The Church of St. Joseph the Worker is, un-ironically, one of the most overworked parishes in the city. It is booming. The congregation has grown to such an extent that at Sunday Masses the 1957 sanctuary is standing-room-only out into the narthex. Closed circuit TVs must beam the service to crowded rooms in the church basement and school. The kitchen and hall are buried in the basement meaning that during the monthly spaghetti dinner (or one of the many events of like ilk) separate meals must be rewarmed upstairs for those unable to make it down. St. Joseph also happens to be in the most impoverished neighborhood in Oregon.
So our challenge was straightforward: find a solution to St. Joseph’s clear and present need within an extreme budget. First, though we were hired to design a new church, we recommended solutions through renovation and addition. We’ve bookended the simple sanctuary of four walls and ten-foot ceilings with rectangular additions, doubling the room; and by fitting radius seating into the new nave we’ll boost capacity by fifty percent. We’ve remade the building’s external form by adding dynamic, sloping ceilings that rise to clerestory light scoops bringing natural light into the nave and chapel while introducing a sense of loft to the church’s internal intimacy. We’ll bring the social hall and kitchen out of the basement and into the adjoining southern structure to renew the relationship between worship and gathering spaces and the narthex will now sit between those spaces welcoming the community to both.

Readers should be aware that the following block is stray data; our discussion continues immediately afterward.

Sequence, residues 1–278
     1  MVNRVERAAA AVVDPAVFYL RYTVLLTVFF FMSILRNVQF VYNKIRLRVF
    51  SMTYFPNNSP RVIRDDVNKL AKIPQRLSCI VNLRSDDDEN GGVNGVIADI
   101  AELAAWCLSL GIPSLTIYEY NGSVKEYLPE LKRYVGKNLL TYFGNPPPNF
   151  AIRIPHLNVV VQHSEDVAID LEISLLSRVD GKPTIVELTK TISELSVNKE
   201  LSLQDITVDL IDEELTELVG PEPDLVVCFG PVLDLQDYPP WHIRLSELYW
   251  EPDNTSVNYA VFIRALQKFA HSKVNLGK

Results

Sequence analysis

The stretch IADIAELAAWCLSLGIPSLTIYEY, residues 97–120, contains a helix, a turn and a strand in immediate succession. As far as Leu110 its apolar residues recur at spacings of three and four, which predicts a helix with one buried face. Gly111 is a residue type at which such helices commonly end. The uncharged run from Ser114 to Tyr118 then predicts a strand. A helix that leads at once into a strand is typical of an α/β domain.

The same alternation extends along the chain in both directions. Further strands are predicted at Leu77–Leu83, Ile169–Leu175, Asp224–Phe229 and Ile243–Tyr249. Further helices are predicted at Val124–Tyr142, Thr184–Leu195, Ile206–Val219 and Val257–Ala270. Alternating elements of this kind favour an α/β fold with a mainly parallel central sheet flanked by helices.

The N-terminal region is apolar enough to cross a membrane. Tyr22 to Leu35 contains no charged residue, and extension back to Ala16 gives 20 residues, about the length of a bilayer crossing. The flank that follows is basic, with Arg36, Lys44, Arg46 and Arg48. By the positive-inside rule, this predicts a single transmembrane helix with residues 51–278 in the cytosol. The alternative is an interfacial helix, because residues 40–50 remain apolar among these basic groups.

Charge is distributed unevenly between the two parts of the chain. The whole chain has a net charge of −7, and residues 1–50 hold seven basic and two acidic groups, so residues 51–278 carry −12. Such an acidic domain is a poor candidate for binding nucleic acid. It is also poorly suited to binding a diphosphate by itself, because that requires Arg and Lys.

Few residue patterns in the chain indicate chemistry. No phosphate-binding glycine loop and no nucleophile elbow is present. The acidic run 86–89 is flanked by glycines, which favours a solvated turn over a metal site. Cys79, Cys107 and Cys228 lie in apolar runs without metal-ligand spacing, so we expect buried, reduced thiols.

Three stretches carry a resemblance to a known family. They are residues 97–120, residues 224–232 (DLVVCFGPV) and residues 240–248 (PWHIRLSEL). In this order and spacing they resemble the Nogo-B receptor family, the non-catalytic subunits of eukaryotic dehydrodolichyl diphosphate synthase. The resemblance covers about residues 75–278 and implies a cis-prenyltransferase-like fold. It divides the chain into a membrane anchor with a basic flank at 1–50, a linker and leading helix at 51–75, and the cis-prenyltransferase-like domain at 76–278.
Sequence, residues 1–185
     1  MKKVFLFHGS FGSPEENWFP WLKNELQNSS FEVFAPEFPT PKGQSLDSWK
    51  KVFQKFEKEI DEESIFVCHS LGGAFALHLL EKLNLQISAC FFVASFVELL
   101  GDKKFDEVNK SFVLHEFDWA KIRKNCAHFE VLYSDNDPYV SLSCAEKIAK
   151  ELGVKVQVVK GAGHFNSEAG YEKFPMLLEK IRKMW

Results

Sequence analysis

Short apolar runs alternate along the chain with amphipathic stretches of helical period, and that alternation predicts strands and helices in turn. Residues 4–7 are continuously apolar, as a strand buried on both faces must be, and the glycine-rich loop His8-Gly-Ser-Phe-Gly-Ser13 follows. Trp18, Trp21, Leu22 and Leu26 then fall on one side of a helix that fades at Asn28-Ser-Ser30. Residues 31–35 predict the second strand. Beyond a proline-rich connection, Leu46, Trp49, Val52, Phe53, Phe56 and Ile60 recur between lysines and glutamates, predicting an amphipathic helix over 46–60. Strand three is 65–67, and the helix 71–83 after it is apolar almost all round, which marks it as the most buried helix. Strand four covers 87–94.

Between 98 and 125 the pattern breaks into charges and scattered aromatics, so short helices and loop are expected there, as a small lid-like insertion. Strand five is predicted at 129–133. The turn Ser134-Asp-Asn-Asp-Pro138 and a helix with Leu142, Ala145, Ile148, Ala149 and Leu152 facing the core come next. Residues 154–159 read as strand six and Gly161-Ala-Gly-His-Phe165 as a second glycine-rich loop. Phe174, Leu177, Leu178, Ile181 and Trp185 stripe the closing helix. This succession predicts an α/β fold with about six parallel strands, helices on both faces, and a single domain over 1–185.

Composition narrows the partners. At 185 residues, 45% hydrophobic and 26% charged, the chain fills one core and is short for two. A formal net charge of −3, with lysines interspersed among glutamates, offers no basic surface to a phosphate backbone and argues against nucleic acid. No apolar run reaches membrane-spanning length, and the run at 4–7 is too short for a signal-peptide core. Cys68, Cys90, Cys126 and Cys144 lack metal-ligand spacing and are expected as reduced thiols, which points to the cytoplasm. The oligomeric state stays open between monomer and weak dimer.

Behind all the highbrow ideology that is modern design you find the fundamental duty of an architect: to serve a community. We are grateful for the projects that renew that duty and enable us to fulfill the unique civic responsibility that is architecture.
St. Joseph the Worker Church
civil | structural
mechanical | electrical